I had many concerns about my endeavor. I worried that I would not like life coaching. That I’d feel it was second best. That I’d been a psychotherapist so long that I couldn’t get behind a new way of thinking. I worried that the people I used to see in my counseling practice couldn’t use life coaching. I was wrong on all counts.
As a therapist, I treated people with PTSD. People who had the horror of child abuse in their background. People who were raped. And people who experienced as many varieties of trauma as there are painful life experiences.
I really liked everyone I treated. I loved the work. Each time someone took charge of their growth and moved diligently forward, my heart sang.
Last week I had several important realizations. One, a lot of what I did as a therapist fit right in with life coaching. Sometimes what I’d think about working with patients took an interesting twist when I began to apply it to working with clients. Other times I realized I’d see something but needed to turn my actions upside down. The flip side of what I used to do.
Two, trauma survivors have dreams too. And three, trauma survivors can and do reach for the wishes deep in their hearts. Our first coaching practice case involved an adult survivor of child abuse. This person had gone to therapy some years before and now wanted to reach for their life’s goals. I celebrate that fact.
Coaching is a very positive endeavor. The skills involved in being a life coach include understanding other people as personally powerful. It’s a profession that honors others as healthy and capable. We assume the client is innately resourceful and has their own answers within them.
I always worked from a place of personal empowerment. This is an issue of power. I have never wanted to hold more power or status than my clients. Power is an important issue of mine. I don’t like feeling less than or more than. I want to be your equal. So, as a therapist, I worked very hard to keep that equality present. Life coaching starts from that premise.
I won’t have to work as diligently to keep a power balance in life coaching. The very core of life coaching is that the client is whole, healthy and the authority on their life. Many survivors of any kind of trauma think and/or feel as if their power has been taken from them. Life coaching is a practice that honors your power.
I’m now working to become, as they’ve repeatedly said in class, the authority on life coaching. And life coaching only. Not an authority on your life.
I’ve always believed that there is a beautiful light within each of us. That everyone is born with a mission that can contribute to the betterment of the world. I think that life happens. People hurt us. Put us down, criticize, and do what people do to compete in the world. Life hurts us. Sometimes we believe the negatives thrown at us and it separates us from that light that shines inside. Life coaching is a practice that can help you reconnect with your inner light.
I think that light nudges us with our deepest heart’s desires. Those dreams, hopes, and wishes everyone feels are right, proper and just. Most people dream a dream, have a wish, and hope for their future. But they let the negatives they have experienced in their lives to trample on their dreams. But really, your dreams are calling you. Life coaching can help you answer them.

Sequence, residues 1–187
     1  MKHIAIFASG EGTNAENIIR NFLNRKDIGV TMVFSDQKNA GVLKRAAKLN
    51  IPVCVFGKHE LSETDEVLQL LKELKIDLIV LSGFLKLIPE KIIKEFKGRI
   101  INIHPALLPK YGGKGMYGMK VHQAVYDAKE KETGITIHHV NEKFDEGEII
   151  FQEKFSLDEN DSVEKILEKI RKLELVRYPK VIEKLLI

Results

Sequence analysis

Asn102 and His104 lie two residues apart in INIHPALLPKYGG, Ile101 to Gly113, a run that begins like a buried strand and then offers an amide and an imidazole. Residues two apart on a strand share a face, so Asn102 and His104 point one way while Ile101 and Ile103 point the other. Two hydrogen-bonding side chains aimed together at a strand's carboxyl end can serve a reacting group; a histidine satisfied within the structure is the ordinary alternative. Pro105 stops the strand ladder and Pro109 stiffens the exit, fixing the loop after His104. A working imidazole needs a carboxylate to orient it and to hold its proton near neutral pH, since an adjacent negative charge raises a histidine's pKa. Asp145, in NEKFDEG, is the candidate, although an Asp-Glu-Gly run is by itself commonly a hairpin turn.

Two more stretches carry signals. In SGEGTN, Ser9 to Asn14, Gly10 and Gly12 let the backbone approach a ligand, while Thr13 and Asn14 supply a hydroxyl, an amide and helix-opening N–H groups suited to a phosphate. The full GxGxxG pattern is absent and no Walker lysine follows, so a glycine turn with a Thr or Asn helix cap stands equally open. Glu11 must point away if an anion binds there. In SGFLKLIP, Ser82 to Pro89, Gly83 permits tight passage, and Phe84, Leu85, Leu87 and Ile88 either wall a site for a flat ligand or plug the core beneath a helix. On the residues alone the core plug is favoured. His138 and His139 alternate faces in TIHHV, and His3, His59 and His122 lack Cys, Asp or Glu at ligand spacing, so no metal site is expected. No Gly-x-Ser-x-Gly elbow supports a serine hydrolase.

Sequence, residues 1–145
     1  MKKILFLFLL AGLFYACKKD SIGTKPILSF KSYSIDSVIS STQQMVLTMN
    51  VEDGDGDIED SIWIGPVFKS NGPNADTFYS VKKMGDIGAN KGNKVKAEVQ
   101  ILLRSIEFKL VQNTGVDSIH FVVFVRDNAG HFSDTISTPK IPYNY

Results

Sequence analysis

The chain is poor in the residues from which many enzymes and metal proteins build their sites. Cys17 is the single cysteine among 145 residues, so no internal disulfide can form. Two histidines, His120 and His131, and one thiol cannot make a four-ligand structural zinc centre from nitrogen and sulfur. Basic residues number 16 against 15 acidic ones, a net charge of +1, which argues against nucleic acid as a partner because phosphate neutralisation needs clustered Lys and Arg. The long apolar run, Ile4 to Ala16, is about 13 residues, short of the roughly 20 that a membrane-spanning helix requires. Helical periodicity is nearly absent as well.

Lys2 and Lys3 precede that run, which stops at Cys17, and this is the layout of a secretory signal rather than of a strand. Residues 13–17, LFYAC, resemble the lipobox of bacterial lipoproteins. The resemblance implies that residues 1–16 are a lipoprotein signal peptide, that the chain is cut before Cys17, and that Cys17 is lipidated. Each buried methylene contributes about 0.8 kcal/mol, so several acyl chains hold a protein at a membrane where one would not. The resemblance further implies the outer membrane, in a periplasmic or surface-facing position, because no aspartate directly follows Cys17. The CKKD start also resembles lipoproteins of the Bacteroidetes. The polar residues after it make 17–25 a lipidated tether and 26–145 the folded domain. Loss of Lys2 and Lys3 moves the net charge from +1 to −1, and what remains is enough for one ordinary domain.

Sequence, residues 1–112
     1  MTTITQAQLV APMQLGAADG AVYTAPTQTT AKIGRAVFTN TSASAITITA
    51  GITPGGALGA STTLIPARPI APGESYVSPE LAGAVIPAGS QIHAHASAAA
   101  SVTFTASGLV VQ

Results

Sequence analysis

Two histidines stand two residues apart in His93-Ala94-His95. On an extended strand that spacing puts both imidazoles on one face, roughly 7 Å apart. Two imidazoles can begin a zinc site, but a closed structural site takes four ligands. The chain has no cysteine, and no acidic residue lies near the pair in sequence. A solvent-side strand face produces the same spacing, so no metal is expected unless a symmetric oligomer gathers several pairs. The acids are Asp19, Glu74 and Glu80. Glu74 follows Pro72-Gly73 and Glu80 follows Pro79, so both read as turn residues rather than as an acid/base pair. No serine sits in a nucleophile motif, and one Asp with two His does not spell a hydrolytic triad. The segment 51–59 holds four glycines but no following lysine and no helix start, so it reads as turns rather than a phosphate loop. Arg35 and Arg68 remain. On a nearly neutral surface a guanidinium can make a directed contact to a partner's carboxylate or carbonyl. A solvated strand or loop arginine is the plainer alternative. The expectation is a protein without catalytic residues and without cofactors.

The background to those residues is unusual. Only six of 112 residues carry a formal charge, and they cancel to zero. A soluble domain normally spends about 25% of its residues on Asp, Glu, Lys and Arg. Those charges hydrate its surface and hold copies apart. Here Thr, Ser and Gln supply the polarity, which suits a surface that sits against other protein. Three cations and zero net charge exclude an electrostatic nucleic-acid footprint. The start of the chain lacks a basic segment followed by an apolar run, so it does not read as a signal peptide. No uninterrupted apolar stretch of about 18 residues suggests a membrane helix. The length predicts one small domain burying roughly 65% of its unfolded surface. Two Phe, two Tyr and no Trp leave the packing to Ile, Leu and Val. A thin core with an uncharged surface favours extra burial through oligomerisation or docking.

I realized this week that it is reasonable for someone who has experienced a trauma to have a goal of reclaiming their life. Of owning their dreams. And of the desire to take charge and reach for their light. Of developing the life skills involved in moving past their trauma.
Life coaches ask questions to help you hear your dream. We ask powerful questions within a conversation as a partner to our client. Powerful open-ended questions that are designed to expand a client’s awareness of the solutions they carry within them.
We ask questions with every intention of listening fully. I’ve written about listening before. Listening is good. This week we talked a bit about curiosity. Being curious about what the client says in service of their personal mission. To help you hear yourself, see your dream and honor that dream.
In the process of honoring your dream, you will sometimes run into barriers. Occasionally old mental tapes and scripts can temporarily wear you down, seductively whispering failure thoughts. A life coach can help you find the skills and strategies to shut them down.
Maybe you’ll find that you are missing some skills necessary to achieving your dream. Life coaching can help you figure out what those are and how to develop them.
Once in a while, people find that the dream they think they want isn’t really their dream. It could have been giving to you by someone important in your life. Or it’s a life goal you think you should have. Life coaching can help you decide what your very own dream really is. And then encourage you to develop the strategies, skills, and plan to achieve it.
Now and then people fail. For a time, people forget that failure is a stepping stone on the path to success. That there are gems in the midst of failure. Lessons. Growth. New skills. Different outlook. A new and improved plan.
All of this and more is involved in life coaching. I’m excited about working toward my dream.
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©2016 by Laura Coleman, Ph.D. All rights reserved.